Anna Markowitz: Losing Kindergarten in Pandemic May Have Longterm Effects
UCLA Assistant Professor of Education Anna Markowitz was quoted in the Los Angeles Times in an article on falling kindergarten enrollments in the wake of the COVID-19 pandemic. She commented on the learning loss for 4-, 5- and 6-year-old students, who since the coronavirus closed schools in March of this year, are not acquiring socialization skills with other children or the bonding with teachers that are part of the kindergarten experience.
Markowitz comments on the immediate and longterm effects of low kindergarten enrollment, particularly upon underserved students and families.
“If these families are disproportionately losing access to kindergarten, then it is likely that there will be downstream impacts on their learning when they have to catch up to children who both began school with greater advantages and had that opportunity for formal learning in kindergarten,” said Professor Markowitz to the Times.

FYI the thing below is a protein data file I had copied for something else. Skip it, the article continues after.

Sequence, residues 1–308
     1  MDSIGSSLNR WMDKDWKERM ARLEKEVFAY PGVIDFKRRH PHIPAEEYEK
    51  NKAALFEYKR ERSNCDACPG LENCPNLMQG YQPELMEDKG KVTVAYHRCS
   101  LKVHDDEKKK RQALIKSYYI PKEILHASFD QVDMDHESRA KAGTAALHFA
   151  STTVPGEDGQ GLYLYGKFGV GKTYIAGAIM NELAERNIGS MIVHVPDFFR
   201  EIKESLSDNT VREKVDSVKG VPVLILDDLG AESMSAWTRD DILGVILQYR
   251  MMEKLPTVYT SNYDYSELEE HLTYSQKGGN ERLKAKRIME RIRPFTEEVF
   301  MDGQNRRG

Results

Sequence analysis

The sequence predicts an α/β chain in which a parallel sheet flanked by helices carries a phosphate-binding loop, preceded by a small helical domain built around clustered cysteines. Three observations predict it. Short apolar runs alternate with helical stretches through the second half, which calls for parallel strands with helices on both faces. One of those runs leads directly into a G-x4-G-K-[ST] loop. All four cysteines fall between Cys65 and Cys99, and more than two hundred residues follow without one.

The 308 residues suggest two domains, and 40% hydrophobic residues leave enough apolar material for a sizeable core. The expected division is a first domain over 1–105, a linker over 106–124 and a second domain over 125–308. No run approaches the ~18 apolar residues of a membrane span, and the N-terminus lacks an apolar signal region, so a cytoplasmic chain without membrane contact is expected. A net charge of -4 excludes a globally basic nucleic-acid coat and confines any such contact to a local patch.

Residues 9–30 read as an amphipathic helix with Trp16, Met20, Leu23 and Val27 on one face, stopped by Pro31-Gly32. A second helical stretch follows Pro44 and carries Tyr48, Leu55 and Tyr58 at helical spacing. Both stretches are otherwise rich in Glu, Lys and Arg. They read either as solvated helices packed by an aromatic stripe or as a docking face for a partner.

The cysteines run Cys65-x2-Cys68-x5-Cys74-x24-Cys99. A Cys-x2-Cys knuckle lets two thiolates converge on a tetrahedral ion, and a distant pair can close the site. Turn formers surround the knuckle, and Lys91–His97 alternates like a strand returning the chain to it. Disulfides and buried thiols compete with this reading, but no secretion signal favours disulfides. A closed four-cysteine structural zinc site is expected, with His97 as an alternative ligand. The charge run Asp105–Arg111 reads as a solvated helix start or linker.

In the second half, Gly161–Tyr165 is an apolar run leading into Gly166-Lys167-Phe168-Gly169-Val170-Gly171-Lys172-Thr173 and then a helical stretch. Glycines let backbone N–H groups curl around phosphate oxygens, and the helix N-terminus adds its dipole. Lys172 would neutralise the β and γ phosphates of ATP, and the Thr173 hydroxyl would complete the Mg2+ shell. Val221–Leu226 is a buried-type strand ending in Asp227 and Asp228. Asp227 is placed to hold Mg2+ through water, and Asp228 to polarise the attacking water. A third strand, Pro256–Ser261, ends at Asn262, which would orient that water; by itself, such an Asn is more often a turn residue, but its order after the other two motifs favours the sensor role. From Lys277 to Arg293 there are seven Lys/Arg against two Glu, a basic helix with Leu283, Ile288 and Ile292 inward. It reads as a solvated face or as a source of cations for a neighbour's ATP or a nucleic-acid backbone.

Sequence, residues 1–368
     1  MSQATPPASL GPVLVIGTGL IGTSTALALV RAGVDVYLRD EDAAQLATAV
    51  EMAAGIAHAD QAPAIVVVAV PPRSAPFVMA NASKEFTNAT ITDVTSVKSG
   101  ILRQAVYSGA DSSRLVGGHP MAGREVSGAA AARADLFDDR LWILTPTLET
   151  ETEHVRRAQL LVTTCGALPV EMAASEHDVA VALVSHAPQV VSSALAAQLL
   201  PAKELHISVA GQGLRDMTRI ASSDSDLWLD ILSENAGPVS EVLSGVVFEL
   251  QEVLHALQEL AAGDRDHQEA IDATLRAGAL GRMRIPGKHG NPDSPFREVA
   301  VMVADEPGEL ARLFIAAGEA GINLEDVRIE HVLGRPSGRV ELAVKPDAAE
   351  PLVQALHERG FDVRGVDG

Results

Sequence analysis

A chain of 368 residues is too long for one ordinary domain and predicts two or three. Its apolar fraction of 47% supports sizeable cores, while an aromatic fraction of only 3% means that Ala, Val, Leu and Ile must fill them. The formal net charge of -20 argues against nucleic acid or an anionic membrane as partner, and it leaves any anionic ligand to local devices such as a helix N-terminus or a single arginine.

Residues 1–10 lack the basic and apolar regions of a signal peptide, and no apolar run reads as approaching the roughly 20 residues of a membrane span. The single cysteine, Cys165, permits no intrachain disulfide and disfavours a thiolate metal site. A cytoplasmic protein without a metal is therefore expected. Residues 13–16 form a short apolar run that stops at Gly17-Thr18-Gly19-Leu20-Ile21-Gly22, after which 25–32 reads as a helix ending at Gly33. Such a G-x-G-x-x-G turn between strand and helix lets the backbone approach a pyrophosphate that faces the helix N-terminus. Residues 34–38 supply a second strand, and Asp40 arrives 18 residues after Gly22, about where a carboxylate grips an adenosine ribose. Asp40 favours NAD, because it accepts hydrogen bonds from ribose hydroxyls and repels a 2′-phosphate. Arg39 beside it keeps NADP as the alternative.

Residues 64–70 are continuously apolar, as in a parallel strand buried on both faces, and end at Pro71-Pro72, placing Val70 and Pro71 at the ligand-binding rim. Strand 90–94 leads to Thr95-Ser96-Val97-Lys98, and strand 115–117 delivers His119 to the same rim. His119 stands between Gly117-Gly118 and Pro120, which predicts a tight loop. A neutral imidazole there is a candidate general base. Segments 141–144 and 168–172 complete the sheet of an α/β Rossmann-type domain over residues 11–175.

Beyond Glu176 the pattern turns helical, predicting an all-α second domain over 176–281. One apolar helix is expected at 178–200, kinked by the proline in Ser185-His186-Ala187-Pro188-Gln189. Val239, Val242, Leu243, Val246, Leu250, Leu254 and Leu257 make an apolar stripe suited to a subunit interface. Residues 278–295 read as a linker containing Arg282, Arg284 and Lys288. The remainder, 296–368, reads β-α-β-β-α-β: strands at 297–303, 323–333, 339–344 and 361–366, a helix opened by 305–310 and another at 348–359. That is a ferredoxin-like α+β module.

Markowitz joined the faculty of the division of Human Development & Psychology in 2019. Her research focuses on how policies shape human development, particularly those that affect children, their families, and their educators and caregivers.
In July, Professor Markowitz published an commentary in EdSource on the need for greater investment in protections for children and the childcare workforce in California, co-written with Professor Rashmita Mistry, UCLA professor of education and vice chair of Undergraduate Education at the UCLA Graduate School of Education & Information Studies.
To read, “Zoom overload, COVID-19 hardship: Thousands of kindergartners are no-shows at local schools,” visit the Los Angeles Times website.
Markowitz was interviewed by WBUR, National Public Radio, Boston. To listen, visit this link.